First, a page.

Never seeing beloved family again. Witnessing the horrors in Nazi death camps. Fighting to stay alive. The joy of liberation. The resilience to carry on and pass along the message: Never Forget. These words represent the stories of survivors of the Holocaust – and never are they heard so loudly than at MorseLife’s annual commemorations of Yom HaShoah.
On the evening of April 11th, seven survivors among residents of The Tradition at MorseLife and The Levin Tower conveyed their stories of survival to students of Temple Sharei Shalom in Boynton who later joined them in lighting candles as part of a moving, heart-breaking and inspiring ceremony. That powerful pairing remains part of our annual tradition to honor the legacies and lives of Holocaust victims and survivors on our campus, and throughout the world.
This year’s ceremony was led by Rabbi Steven Westman (filling in for Rabbi Alan Sherman who could not attend due to surgery) and featured the prayers and music of Cantor Margaret Schmitt of Temple Sinai.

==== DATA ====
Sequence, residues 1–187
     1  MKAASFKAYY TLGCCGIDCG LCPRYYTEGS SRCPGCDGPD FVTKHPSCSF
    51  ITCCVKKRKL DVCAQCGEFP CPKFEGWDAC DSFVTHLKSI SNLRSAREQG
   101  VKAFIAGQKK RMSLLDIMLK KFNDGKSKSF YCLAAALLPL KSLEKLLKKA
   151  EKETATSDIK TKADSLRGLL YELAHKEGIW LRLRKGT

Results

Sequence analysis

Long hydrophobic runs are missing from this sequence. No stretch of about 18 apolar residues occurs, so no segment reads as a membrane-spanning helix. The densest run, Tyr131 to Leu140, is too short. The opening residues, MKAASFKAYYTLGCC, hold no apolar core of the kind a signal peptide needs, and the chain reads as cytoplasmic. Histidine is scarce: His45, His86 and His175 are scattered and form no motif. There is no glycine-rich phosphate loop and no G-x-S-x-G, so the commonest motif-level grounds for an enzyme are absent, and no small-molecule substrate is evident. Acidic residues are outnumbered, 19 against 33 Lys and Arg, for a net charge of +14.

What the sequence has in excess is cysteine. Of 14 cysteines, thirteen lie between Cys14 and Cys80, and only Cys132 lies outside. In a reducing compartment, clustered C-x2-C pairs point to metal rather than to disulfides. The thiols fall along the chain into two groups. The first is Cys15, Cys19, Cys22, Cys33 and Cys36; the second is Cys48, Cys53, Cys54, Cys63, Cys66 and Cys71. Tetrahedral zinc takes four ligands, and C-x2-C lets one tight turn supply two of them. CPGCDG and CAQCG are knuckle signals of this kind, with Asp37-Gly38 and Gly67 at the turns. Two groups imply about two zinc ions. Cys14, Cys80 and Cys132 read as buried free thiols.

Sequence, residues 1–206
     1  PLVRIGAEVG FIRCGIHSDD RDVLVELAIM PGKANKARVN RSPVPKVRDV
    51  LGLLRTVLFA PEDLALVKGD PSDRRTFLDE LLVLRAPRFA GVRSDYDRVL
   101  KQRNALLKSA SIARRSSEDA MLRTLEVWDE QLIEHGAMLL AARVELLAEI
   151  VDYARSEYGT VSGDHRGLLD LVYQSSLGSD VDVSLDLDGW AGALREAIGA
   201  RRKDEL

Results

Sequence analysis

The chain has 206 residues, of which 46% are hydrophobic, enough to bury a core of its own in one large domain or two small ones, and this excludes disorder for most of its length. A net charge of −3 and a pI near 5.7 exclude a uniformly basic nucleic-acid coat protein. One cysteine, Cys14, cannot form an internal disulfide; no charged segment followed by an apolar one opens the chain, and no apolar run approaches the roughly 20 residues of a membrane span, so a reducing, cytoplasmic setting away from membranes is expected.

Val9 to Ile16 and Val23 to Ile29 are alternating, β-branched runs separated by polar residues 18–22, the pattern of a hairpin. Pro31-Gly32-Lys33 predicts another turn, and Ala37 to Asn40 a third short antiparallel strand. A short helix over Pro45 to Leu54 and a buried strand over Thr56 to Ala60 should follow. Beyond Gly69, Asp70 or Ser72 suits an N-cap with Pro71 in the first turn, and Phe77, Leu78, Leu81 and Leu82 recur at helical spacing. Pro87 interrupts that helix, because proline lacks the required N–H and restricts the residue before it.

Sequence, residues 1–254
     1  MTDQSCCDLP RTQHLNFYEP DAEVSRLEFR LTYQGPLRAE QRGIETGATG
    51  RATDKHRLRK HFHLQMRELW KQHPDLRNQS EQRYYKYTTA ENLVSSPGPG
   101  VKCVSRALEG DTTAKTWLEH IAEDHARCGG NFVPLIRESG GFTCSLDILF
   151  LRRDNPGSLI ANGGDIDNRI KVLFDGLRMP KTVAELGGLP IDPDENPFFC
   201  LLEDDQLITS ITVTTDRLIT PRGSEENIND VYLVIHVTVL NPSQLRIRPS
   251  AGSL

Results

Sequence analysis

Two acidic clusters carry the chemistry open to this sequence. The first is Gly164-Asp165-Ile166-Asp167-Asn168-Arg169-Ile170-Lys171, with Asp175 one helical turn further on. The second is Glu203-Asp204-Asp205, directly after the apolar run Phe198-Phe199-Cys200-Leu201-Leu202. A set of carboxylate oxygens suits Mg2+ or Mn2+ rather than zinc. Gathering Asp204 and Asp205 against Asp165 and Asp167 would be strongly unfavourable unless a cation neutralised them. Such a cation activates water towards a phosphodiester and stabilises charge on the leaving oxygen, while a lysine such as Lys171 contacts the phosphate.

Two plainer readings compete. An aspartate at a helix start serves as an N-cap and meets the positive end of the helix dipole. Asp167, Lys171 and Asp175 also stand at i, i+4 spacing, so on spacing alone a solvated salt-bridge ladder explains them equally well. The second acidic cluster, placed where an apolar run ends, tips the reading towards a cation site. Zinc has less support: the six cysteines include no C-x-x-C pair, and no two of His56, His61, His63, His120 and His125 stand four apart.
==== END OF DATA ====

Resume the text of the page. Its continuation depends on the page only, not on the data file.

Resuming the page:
Tradition residents Carl Wilner and Miriam Schwarcz were among the survivors who shared dinner and stories with the students at Temple Shaarei Shalom. (They were also featured recently on WPTV-TV telling their stories.) Mr. Wilner in particular is continuing his own 35 year commitment to speaking about the Holocaust. While he lost 80 family members, including his parents, he miraculously escaped the brutality of two ghettos, four labor camps and three concentration camps. As he told his student partner: “It became my mission from the words of my grandfather to live to tell the story,” he said. His story was told in the book Carl’s Story: The Persistence of Hope by Von Charles Petersen.
With music of Schindler’s list in the background, one by one, Carl Wilner, and Miriam Schwarcz of The Tradition, and Levin Tower residents Jeannette Nadle, Rita Greencorn, Florence Siegel and Laura Grossbard, joined the young people to light six candles in memory of the six million Jewish people who perished in the Holocaust. Survivor Sala Gleitman of Tradition also later joined staff member Vardit Bakal in lighting the Candle of Hope at the end of the ceremony.
Our Yom HaShoah commemoration is among the many ongoing traditions that honor the spirit and resilience of the Jewish people, and in this case, of those among our residents whose lives were personally impacted by the Holocaust. Doing so is an honor and privilege.